When Moliere wrote Tartuffe, it is unlikely that he would have anticipated a Turkish production in North London some 340 years later.
Using Ranjit Bolt's translation, adapted to give it a Muslim slant, director Serdar Bilis has great fun with the French classic. He has encouraged his cast to overact, which in certain cases is noticeably showy but in others, particularly the very entertaining Laura-Kate Frances's effusive servant Dorine, works extremely well.
For the first quarter of the play, she holds court and puts her master and mistress, not to mention their daughter whom she serves, into the shade.
It is not until some half-an-hour in that the eponymous anti-hero makes his first appearance. Tartuffe, played by the excellent John Webber, is a 21st century, fundamentalist Muslim, who uses Allah for his own benefit. His religion is the primary subject of his discussion but there is always a feeling that hypocrisy is not too deeply buried beneath his pious surface.
He has wheedled his way into the home and family of the stubbornly naive businessman Orgon (Tony Taylor) and his much younger wife, the obviously American Lara Agar-Stoby's Elmire. In the fullness of time, much the chagrin of her suitor Valère, Orgon offers Tartuffe not only the hand of his daughter Mariane (Esther Adams) but also his wealth.
There is a most amusing scene where the Rasputin-like phony cleric can contain his glee no longer and celebrates his good fortune with his dancing servant.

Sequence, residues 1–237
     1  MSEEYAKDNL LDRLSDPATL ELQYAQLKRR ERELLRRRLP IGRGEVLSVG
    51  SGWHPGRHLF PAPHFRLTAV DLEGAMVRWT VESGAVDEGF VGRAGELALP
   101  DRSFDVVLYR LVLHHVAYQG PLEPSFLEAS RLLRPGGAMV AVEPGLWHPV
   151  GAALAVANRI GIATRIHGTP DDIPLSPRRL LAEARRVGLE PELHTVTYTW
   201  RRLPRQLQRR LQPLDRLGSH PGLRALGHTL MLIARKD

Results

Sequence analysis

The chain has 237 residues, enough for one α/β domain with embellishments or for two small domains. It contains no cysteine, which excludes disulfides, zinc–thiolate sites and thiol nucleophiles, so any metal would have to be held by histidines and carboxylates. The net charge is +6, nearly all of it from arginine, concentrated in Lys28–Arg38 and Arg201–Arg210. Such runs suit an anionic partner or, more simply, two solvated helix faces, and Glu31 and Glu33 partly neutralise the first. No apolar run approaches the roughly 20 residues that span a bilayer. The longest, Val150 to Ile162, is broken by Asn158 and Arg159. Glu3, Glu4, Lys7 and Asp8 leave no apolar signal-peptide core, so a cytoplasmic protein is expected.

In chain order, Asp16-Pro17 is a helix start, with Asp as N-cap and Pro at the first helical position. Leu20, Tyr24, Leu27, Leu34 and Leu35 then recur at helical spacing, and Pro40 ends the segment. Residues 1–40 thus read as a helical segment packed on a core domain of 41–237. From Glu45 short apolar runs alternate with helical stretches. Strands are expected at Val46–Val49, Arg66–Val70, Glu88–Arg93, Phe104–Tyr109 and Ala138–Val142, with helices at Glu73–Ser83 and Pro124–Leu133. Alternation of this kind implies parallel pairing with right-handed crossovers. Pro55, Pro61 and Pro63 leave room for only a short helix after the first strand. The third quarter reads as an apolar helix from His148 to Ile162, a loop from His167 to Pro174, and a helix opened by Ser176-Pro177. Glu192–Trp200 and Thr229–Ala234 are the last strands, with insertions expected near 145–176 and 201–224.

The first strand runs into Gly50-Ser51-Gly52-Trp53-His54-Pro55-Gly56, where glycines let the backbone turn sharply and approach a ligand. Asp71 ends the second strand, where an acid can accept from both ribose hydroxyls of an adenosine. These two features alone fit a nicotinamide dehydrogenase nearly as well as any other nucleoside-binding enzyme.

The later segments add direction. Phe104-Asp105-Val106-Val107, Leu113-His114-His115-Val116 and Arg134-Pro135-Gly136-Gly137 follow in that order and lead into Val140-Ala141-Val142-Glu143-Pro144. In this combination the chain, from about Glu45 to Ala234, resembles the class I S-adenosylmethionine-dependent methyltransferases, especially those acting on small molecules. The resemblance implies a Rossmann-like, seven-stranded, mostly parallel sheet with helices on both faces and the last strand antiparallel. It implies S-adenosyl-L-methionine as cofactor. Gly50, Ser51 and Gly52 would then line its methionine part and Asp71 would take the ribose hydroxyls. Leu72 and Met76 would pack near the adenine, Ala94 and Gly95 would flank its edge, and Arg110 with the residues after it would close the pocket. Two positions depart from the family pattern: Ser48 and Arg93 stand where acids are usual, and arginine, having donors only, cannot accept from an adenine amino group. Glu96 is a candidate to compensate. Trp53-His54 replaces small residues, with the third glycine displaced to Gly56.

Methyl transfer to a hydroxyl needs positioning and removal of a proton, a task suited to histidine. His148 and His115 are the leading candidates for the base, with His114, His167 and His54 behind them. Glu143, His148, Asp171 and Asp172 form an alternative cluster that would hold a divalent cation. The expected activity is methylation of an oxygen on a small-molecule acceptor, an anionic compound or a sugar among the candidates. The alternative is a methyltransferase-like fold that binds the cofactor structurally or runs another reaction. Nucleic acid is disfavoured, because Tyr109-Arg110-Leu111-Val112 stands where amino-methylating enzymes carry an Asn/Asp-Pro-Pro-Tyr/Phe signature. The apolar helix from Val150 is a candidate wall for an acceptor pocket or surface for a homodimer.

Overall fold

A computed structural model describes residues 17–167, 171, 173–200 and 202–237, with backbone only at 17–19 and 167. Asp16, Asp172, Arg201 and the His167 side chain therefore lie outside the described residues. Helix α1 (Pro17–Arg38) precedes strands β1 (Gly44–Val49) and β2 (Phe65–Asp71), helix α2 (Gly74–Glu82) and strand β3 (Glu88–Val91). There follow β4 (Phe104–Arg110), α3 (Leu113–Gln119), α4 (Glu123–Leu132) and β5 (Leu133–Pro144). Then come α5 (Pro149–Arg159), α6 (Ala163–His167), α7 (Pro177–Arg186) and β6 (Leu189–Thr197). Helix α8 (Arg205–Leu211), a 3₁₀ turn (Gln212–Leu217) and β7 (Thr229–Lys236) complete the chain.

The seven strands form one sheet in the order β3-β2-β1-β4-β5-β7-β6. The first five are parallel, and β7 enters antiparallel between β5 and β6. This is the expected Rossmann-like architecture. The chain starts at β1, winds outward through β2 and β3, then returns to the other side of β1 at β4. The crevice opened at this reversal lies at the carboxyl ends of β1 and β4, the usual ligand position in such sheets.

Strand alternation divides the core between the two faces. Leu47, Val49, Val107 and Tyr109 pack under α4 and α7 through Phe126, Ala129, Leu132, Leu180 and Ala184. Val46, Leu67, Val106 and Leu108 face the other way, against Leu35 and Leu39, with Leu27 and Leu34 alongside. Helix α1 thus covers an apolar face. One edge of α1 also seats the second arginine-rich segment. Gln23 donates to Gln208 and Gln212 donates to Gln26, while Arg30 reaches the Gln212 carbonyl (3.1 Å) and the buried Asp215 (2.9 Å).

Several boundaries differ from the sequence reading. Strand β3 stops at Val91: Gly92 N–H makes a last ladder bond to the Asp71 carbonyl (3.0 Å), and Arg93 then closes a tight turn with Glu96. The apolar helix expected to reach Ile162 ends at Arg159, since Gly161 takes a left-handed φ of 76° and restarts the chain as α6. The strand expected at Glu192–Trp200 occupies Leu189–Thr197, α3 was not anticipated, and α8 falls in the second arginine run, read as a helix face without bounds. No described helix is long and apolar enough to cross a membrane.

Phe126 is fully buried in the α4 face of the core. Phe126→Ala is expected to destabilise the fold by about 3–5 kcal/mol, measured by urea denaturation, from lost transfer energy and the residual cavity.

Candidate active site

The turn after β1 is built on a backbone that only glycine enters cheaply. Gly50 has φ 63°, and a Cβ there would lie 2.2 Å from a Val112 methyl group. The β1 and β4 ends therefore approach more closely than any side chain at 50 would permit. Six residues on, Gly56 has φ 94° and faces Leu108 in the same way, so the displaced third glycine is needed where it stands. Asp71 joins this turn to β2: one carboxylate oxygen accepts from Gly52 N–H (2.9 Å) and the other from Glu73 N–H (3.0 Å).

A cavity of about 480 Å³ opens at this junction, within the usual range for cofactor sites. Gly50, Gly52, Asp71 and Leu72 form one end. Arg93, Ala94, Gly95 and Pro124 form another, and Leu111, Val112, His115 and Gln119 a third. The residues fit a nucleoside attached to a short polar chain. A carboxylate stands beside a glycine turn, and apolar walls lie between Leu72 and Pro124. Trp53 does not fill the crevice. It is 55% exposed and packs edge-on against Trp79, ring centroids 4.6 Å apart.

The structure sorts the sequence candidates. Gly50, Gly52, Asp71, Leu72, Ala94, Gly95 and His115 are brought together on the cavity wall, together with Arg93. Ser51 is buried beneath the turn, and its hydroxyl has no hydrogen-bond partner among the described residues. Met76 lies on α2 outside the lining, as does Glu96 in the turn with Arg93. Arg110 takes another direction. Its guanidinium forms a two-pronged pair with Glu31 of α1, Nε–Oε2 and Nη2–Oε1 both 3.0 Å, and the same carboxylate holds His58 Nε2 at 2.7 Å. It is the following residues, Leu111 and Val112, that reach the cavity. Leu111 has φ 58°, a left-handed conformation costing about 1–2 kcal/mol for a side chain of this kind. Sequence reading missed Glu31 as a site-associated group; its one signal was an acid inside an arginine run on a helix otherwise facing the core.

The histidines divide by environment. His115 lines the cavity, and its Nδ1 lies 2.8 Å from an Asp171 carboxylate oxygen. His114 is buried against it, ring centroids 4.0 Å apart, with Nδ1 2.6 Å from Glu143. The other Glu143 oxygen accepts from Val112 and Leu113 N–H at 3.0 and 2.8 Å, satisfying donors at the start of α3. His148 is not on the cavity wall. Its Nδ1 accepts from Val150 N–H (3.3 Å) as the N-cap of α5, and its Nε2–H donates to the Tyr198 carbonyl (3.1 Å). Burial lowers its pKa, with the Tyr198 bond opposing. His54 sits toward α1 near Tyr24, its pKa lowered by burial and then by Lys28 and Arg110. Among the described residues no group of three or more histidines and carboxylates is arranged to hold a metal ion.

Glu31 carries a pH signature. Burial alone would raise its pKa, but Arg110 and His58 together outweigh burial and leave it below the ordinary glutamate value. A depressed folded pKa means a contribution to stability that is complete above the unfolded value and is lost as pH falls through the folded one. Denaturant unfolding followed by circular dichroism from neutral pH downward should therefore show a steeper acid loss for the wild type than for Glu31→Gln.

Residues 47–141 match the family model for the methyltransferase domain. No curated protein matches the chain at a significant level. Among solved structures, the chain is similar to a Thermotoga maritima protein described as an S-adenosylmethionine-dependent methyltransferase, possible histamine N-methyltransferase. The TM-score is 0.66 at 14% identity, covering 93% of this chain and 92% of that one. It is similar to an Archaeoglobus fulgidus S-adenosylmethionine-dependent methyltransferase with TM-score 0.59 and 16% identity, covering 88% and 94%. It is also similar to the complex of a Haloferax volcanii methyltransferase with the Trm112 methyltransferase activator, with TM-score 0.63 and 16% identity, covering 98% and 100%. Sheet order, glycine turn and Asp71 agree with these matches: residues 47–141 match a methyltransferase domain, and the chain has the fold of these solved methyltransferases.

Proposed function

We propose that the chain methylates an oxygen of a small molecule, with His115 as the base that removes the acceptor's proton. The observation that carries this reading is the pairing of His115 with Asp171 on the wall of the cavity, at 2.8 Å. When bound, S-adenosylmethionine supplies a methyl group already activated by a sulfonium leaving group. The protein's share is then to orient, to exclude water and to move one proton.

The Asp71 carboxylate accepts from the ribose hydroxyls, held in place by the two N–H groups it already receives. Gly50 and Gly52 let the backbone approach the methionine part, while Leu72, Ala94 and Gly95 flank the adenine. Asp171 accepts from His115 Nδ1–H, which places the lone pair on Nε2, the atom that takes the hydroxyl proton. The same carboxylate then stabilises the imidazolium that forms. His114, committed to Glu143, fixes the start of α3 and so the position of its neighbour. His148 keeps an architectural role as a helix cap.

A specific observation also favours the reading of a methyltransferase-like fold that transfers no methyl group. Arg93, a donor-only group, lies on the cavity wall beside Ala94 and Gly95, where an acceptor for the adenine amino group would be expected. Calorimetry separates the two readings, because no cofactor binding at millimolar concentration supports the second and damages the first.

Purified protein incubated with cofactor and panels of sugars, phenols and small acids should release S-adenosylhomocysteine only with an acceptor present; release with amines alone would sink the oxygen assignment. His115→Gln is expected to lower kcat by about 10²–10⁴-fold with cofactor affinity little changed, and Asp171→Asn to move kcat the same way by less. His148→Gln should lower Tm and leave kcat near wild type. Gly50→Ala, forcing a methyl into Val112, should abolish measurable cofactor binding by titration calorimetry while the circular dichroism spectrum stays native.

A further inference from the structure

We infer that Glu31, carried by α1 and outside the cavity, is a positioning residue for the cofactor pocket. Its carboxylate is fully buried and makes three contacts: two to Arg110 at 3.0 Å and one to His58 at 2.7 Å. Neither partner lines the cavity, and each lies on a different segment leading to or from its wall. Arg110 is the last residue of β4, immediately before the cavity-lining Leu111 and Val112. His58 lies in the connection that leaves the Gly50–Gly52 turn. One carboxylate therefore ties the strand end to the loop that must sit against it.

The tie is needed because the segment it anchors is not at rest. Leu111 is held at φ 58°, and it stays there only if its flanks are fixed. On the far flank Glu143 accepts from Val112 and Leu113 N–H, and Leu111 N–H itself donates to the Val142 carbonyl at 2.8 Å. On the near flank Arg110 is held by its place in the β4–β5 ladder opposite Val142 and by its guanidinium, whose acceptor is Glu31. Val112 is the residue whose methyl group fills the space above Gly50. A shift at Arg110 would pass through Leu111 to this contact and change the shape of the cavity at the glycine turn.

The finale is most abrupt and almost seems tacked on to allow the play to make a comment on state corruption. It does mean a happy ending for all (well, except for poor old Tartuffe).
The converted industrial building adapts itself well to the Turkish setting thanks to the efforts of designer Jon Bausor using rugs, a sofa, screens and a nargile (hookah or Turkish Hubble Bubble pipe).
The first half of the play could as easily have been set in France and it is only when the muezzins begin to wail and the subject of female modesty comes centre-stage that the audience begins to appreciate the parallels with contemporary Eastern culture. Indeed, the subject of forced marriages is in the headlines regularly today.
This new production of Tartuffe is very entertaining even though the acting is somewhat uneven. The rhyming couplets (some of which don't) seemed to paralyse a couple of the actors.
In the end though, the main parts are all well acted and experiment with Islamicisation seems worthwhile, particularly for a production in a theatre in Dalston where the beer and water on sale in the bar are imported from Turkey.
"Tartuffe" runs until 21st January
Reviewer: Philip Fisher